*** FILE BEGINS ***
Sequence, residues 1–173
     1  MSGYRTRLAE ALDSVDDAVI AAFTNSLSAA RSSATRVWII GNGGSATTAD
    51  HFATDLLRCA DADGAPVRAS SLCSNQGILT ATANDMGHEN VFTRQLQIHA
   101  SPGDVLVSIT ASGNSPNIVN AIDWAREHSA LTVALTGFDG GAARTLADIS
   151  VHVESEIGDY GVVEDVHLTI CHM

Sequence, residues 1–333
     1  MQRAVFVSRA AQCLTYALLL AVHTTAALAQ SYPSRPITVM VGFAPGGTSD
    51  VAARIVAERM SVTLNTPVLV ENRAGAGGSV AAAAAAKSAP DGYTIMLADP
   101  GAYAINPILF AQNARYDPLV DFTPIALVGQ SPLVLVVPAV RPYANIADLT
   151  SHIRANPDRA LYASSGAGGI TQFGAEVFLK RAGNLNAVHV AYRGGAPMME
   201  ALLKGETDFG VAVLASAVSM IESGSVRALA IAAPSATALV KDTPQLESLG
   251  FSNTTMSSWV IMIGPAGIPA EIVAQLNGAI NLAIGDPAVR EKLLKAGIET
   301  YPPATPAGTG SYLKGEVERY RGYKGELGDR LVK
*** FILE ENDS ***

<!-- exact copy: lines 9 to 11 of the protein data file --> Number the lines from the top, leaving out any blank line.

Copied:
   101  GAYAINPILF AQNARYDPLV DFTPIALVGQ SPLVLVVPAV RPYANIADLT
   151  SHIRANPDRA LYASSGAGGI TQFGAEVFLK RAGNLNAVHV AYRGGAPMME
   201  ALLKGETDFG VAVLASAVSM IESGSVRALA IAAPSATALV KDTPQLESLG